Asbjørn: How did you get out of that situation? I don’t know if I can ask you this, but are you out of that situation?
Charlotte: Yeah, I am, it was literally just a meeting and my manager helped me massively. I was just stunned. It was just a poorly organised meeting, but no hard feelings, you know? I was just so riled up that I needed to use it in some form, and I needed it for inspiration. He just got me at the wrong time where I was like I’m gonna fucking write about this.
Asbjørn: I’m really interested in the label side of things, the major industry. For so many decades, women in pop music have fought for the right to be themselves and have succeeded in creating a really kind of broad ideal. There’s a lot of different women to look up to now that I’m personally missing myself on the male side of the industry. And something that I’ve kind of noticed and heard from other female friends who are in the industry and who are artists is that there’s almost like the commercialisation of feminism going on. This pressure to take a stand as a woman because female artists actually made it normal. They made it. They made it a thing. They made it mainstream and now the industry wants it. Have you felt that pressure to be a certain kind of female ideal? A strong one?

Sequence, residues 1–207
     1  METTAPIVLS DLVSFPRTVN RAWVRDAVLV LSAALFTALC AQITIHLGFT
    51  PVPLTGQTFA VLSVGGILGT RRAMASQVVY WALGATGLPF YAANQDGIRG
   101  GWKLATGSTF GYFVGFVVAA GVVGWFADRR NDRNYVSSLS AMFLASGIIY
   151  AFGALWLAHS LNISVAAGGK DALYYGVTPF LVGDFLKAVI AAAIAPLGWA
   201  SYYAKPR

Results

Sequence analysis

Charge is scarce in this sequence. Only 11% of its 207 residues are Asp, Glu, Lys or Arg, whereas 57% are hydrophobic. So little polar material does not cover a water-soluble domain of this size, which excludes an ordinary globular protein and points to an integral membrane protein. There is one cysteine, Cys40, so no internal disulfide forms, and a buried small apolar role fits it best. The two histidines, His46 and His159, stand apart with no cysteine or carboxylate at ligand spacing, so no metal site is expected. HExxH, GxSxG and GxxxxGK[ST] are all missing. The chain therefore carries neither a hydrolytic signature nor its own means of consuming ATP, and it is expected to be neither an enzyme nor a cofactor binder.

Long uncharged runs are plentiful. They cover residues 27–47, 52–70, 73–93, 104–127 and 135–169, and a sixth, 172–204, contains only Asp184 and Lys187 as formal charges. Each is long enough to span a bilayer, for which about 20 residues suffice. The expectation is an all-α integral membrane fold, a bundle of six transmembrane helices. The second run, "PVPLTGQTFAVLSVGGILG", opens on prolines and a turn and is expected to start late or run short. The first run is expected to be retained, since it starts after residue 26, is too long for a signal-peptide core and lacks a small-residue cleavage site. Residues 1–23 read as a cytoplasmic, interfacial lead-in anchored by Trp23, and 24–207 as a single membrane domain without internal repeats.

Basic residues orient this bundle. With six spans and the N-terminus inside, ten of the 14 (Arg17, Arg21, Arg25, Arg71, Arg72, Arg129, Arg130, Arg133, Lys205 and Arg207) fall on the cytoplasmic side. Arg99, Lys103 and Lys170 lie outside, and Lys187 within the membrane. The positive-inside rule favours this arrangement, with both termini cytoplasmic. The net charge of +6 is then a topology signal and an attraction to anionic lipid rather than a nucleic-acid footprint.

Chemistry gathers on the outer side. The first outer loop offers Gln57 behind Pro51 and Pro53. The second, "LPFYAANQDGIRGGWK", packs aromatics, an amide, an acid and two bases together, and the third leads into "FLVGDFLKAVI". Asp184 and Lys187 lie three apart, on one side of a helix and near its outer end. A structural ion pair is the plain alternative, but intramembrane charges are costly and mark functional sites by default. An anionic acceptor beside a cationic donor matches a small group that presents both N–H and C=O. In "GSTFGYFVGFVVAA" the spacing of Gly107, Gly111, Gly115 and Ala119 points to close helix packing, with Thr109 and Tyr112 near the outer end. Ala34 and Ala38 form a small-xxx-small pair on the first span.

Charlotte: Yeah, definitely. People ask me can you not write an empowering song, can you not just write something that sounds like Lizzo? I’m like, no, my element comes from me being weak, or not even weak, but me being emotional and laying my heart out. That’s fucking brave as well. It’s brave to bear everything. For me, I try not to focus on what everybody else is doing, I really try not to be compared to other people. So, with this new stuff, I feel like it just comes in different forms.
Asbjørn: Do you consider what you want to stand for and what kind of ideal you are? Do you see yourself from the outside like that and conceptualise a female ideal?